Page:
National Repository of Grey Literature 5 records found  Search took 0.01 seconds. 
Influence of land cover and altitude on soilmoisturespatio-temporal variability
Šípek, Václav ; Hnilica, Jan ; Tesař, Miroslav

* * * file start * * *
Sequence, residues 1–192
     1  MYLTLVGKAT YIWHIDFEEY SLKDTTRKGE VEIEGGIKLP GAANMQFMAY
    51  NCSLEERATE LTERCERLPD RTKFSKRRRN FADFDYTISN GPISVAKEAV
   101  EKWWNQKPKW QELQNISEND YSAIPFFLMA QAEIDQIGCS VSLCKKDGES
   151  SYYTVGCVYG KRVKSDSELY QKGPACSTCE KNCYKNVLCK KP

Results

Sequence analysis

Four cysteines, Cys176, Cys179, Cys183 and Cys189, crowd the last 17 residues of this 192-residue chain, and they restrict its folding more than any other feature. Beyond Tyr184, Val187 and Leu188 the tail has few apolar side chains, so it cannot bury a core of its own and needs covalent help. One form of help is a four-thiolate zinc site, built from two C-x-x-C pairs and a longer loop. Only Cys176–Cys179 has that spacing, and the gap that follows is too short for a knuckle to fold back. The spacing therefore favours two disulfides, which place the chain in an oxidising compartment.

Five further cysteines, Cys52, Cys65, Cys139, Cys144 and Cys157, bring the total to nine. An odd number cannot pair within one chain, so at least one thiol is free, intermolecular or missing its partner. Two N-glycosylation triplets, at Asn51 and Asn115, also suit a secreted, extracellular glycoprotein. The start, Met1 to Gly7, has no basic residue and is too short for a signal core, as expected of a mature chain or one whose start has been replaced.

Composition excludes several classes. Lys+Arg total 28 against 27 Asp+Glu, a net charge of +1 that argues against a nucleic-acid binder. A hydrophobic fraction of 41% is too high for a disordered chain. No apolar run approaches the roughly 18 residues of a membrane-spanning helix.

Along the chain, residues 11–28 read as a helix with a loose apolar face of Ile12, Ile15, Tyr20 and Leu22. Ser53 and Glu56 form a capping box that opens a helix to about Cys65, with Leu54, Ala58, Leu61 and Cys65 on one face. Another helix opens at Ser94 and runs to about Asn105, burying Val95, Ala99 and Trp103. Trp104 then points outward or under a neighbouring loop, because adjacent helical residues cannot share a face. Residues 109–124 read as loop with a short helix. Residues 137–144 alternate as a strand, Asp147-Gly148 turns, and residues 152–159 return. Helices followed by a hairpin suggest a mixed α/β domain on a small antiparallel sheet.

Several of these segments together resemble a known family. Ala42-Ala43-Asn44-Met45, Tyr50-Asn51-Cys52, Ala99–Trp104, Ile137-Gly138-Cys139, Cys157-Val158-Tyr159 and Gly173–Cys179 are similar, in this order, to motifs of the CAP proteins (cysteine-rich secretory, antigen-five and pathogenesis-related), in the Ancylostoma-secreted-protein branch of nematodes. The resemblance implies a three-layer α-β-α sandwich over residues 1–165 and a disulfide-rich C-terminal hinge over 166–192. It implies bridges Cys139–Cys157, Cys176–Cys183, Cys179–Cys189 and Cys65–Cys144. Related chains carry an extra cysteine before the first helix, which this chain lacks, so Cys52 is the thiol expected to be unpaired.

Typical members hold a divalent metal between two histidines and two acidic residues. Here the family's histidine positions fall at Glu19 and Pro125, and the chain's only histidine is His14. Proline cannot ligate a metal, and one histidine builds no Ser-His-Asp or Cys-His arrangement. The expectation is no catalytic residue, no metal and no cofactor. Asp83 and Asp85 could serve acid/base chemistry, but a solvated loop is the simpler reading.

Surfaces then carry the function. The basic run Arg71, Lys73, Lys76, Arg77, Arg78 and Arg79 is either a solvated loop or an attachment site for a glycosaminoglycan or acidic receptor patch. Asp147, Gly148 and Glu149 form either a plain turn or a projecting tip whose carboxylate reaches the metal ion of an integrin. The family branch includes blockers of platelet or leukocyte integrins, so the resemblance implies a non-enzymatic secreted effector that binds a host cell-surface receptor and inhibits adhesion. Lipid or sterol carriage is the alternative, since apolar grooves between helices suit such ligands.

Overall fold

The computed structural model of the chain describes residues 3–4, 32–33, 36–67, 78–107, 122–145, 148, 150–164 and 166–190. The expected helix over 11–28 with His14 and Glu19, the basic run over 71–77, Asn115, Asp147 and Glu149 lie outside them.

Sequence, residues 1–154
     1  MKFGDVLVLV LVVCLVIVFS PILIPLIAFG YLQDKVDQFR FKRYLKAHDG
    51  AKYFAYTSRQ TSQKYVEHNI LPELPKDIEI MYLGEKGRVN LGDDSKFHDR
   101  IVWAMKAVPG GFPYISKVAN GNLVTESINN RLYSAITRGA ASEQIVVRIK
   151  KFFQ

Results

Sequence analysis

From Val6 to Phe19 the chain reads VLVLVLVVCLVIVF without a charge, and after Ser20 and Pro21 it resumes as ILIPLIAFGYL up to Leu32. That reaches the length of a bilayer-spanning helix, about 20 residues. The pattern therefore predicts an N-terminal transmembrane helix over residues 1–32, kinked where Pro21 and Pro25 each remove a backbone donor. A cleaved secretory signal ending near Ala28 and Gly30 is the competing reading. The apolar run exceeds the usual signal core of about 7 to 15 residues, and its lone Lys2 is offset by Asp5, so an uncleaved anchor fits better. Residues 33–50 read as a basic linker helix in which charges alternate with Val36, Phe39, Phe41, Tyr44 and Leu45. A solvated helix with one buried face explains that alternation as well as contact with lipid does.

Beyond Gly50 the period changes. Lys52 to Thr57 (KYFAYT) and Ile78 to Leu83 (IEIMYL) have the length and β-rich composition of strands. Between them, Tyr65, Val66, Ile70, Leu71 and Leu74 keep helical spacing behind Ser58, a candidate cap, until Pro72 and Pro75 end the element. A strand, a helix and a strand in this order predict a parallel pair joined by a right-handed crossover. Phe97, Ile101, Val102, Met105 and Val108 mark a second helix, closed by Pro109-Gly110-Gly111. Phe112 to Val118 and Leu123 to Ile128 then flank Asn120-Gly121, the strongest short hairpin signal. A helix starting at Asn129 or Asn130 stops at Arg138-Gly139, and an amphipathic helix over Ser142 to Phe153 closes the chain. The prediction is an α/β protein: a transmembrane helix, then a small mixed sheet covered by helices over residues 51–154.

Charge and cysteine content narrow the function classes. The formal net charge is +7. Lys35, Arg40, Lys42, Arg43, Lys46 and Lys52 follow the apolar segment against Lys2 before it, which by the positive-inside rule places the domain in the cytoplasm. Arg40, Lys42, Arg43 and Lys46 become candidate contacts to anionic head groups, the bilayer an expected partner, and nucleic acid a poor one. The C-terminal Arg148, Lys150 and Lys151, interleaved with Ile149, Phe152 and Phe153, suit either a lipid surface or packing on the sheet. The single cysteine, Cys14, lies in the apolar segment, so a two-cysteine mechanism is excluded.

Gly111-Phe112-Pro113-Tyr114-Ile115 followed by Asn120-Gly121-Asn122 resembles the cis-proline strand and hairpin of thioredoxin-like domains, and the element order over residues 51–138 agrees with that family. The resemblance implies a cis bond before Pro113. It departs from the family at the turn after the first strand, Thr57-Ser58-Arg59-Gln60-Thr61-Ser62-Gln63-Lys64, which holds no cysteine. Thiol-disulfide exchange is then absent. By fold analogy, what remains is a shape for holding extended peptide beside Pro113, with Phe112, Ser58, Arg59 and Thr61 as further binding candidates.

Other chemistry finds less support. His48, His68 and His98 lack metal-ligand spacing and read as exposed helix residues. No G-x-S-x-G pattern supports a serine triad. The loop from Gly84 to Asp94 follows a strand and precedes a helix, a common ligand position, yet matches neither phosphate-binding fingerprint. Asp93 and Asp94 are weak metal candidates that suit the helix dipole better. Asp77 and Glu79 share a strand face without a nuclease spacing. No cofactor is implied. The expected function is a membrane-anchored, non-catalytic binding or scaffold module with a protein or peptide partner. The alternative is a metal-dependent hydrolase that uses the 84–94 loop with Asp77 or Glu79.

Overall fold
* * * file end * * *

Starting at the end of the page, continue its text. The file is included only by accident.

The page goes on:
An understanding of spatial and temporal variation of soil moisture is essential for studying other hydrological, biological or chemical soil processes, such as water movement, microbial activity and biogeochemical cycling (Bruckner et al., 1999, Ridolfi et al., 2003). Although the world-wide total amount of water stored in the soil profile is negligible compared to ocean and glacier storages, it represents a crucial variable concerning the water resources and agricultural management. This is valid especially in the context of ongoing shift in climate. Soil water exhibits a tremendous heterogeneity in space and time (Gomez-Plaza et al., 2000). Therefore, spatial and temporal variations of soil moisture have always been the critical issue. The spatial variability is influenced by variety of factors encompassing the topographical effect on lateral water redistribution (Williams et al., 2003), radiation (Grayson et al., 1997, Geroy et al., 2011), soil texture and structure (Famiglietti et al., 1998, Pan and Peters-Lidard, 2008), vegetation (Teuling and Troch, 2005), climate (Lawrence and Hornberger, 2007), precipitation pattern (Keim et al., 2005) and antecedent soil moisture (Rosenbaum et al., 2012). The land use influence on the soil moisture content variation is of complex a character covering several above mentioned factors. However, it is determined namely by the different vegetation cover, which results in different rates of interception and transpiration. It also strongly influences the soil hydraulic properties, i.e. hydraulic conductivity and water retention characteristics (Zhou et al, 2008). Hence, the reaction of an area to a rainfall and also the temporal variability of the soil moisture content might be influenced by the present land cover. Nevertheless, the studies comparing the influence of several land covers in the longer periods are missing. This knowledge would be valuable especially in the context of extreme climatic events that are present nowadays. In central Europe, the period of major floods (1997, 2002, 2013) was followed by serious dry spells (2003, 2011–2012, 2015) (Trnka et al., 2015). This observed hydrological extremity raised the questions of sustainable water management. One of the possible management practices in consideration is represented by the land cover changes intended to hold more water in the landscape and simultaneously to attenuate the rainfall-runoff response. Moreover, previous studies have investigated that spatial and temporal variation of soil water under a certain land use type, and drawing significant research attention is lacking on the differences of dynamics of soil water conditions under different land use types. Thus, it is necessary to understand the comparisons of the dynamics of soil water conditions under different land use types (Niu et al., 2015) The main aim of the presented study is therefore to understand the soil moisture variability in the vegetation season under four different land covers (coniferous/deciduous forest, meadow, grassland). This analysis is conducted in five consecutive years, encompassing both dry and wet periods. The influence of altitude is also studied in the coniferous forest.